Motorcycle Roadcraft: Episode 2 Safety Stability View

In this episode Paul identifies a number of the every day hazards that bikers face. Paul talks through and explains the general concept of Safety Stability View and how it begins at learner rider level and goes on to advanced. It all looks very easy but the numbers of biker casualties say this isn’t the case. He rides every day in the highest risk areas for casualties identified by DfT and teaches on a full time basis as a qualified professional coach and trainer.

So what’s going wrong? With the numbers of biker fatalities and serious injuries rising in the UK, Paul questions the values and ethics of an industry that allows amateurs to ‘pass on their knowledge’ (assumed of course), just because they have an advanced riding badge or can provide a course for the price of an evening out.

Video commentary… Welcome to this episode of Safety Stability View: What does it all mean?

Comments made by some in the industry is that I’m a professional only because I get paid to do this work. This has been said to me on a number of occasions. I’ve noticed it’s said by those who want to pass on the knowledge they assume they have, maybe on a part time basis and charge for their fuel or a sandwich. That they think I just landed in this place as a professional by chance is extraordinary and they deeply misunderstand what it takes.

Think if you will for a moment of the skills of the concert musician versus those that just play for fun. It is then hugely important as a biker that you get the opportunity to fully understand what is available to your skills when coached by a professional. The difference is like night and day as one student told me recently. Why would you trust an amateur with your life.

So why do I say this in this short lesson. Well, to believe that something is right because it’s dressed up in such a way to be convincing is okay until it all goes horribly wrong. To be advised wrongly as a biker is just simply dangerous for you. There is way too much flag and badge waving and not enough skill, it really is as simple as that. Too many riders are being killed and too many are being seriously injured. I’m passionate about making change in this industry.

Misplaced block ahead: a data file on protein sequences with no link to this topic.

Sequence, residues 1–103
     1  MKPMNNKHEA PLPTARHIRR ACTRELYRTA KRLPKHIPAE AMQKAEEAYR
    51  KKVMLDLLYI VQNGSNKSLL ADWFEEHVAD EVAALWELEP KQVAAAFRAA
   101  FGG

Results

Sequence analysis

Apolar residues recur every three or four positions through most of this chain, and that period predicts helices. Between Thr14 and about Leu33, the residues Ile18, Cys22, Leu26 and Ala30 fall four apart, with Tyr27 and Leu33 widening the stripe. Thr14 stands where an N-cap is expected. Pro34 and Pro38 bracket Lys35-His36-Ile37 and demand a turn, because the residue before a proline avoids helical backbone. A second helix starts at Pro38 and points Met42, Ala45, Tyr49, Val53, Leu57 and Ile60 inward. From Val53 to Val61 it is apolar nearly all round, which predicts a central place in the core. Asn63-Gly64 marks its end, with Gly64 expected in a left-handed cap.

Safety Stability View in this clip is about giving myself adequate clearance from the parked vehicles and oncoming traffic, thinking about what actions other road users may make, watching out for activity around parked vehicles and junctions or vehicles emerging from their parked positions, keeping in mind my clearance from the tram lines and watching out for the changing traffic lights. Staying legal with the lane markings and keeping adequate clearance from the fixed hazard of the bollards also.

On the way be prepared as well for those pedestrians that think they’ve been seen, forgetting that riders and drivers have lots to think about other than them crossing the roads. In this next scenario it looks as though there’s a big gap. Look into the distance though, I mean really see, weigh up the speeds, have you seen everything that’s moving, recognise quickly that the oncoming driver will overtake the oncoming cyclist and hold on for a moment or two. If you don’t you’ll probably get through with a squirt of the throttle but it will look and be very untidy. You won’t pass a test of any kind or at least won’t deserve to and if it’s habitual then one day you might just have a head on.

Safety Stability View isn’t some mythical process. In fact we teach it a lot at CBT and Direct Access test levels. It’s just that we don’t flag it as SSV in those teaching classes. Instead we describe all the underlying content of SSV to new riders with phrases such as judge the oncoming traffic, find a safe place to stop, give yourself adequate clearance, concentrate on the moving and fixed hazards and so on, through 50 yes 50 areas of rider development. At an advanced level we just shorten the whole thing to Safety Stability View because at this stage we hope that you’ve grasped most of the concepts.

Anyone who hasn’t taught CBT and Direct Access is short of knowledge and experience I’m afraid. I would only exclude police riders and instructors from this statement. Replay the video, think about what you saw at full speed and how you would have dealt with things. Then take a look at the slow motion and work through the planning that was going in to deal with the different circumstances that arose. We have to compromise quite a lot on the roads. Managing those compromises is vital to your long term safety if you ride a lot and you really must take professional training.

Thank you for taking the time to watch and listen in with me today.

Click here to watch Episode 2

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